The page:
Apr 27, 2011
    I used to use a Lenovo laptop in a docking station at work with dual monitors. Did fine but was harder to switch bak to portable mode - Display layout would get messed up at times.
  8. kelon111 macrumors 6502

    Mar 16, 2013

    Ever heard of mobile workstations?
  9. Reclzz thread starter macrumors member

    Apr 8, 2014
    Thank you all for the advice i've checked with the school and they do recommend Windows because of a plugin for excel which is only made for windows.

    However they are willing to help with vitual machine or boot camp for mac users.

    Other than the plugin for Excel nothing else is windows only, i was going to either boot camp and seeing as i want 16 gigs of ram there should be enough for the ocational virtual machine for Excel.

    I've been making the list suggest and it seems like i'll be able to run Adobe Creative Suite, Cinema 4D, Various IDE's and Solidworks in windows and Autodesk 123D.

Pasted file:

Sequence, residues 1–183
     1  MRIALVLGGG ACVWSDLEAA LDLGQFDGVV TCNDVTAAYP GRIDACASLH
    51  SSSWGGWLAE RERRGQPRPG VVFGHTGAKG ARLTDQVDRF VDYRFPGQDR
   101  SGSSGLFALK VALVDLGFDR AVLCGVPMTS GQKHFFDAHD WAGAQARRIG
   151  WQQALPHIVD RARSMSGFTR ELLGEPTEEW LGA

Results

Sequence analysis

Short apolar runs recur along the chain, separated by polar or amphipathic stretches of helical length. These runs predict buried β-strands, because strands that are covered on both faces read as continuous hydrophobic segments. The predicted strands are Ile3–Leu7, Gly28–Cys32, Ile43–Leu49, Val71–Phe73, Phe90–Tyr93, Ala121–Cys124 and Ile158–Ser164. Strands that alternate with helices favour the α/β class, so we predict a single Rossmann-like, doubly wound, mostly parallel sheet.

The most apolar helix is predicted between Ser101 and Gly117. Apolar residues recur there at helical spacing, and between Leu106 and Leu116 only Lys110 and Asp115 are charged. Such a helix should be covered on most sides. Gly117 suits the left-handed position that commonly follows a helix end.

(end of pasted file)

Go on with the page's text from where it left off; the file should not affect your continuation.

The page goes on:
Thank you all for the replies, they have been very helpful.
  10. AppleWindowsFan macrumors member

    Nov 13, 2013
    Ohio USA
    I'm talking about the ease of using the Mac in closed Clamshell mode. You can attach an external monitor and keyboard to a PC, but you can't close the lid.
  11. Inhalant macrumors member


    Mar 12, 2014
    Yeah, you can. I use my laptop for gaming on my tv, and it runs with the lid closed.
  12. boats4chris macrumors newbie

    Aug 8, 2012
    Works great!

    I started with a 13 in MacBook Air for online class homework and found the screen to be too small for my needs. I finally upgraded to the 15 rMBP and it is a welcomed upgrade for a number of reasons. But to your point, it works great in a workstation configuration. I have not tried it in clamshell mode, but just last week I was doing a research paper and I had the laptop screen going and a 23 in and a 19 in monitor also plugged in. Thank goodness Apple finally figured out the multiple screen support! Also, the rMBP has 2 Thunderbolt ports to the MB Air's one. I like the potential of plugging in 2 extra monitors.

    I don't play any games on my Mac (yet), so I can't comment on it from that perspective.

    Yes, the rMBP makes a great workstation. I am finding that I am getting closer to finally ditching my PC's all together.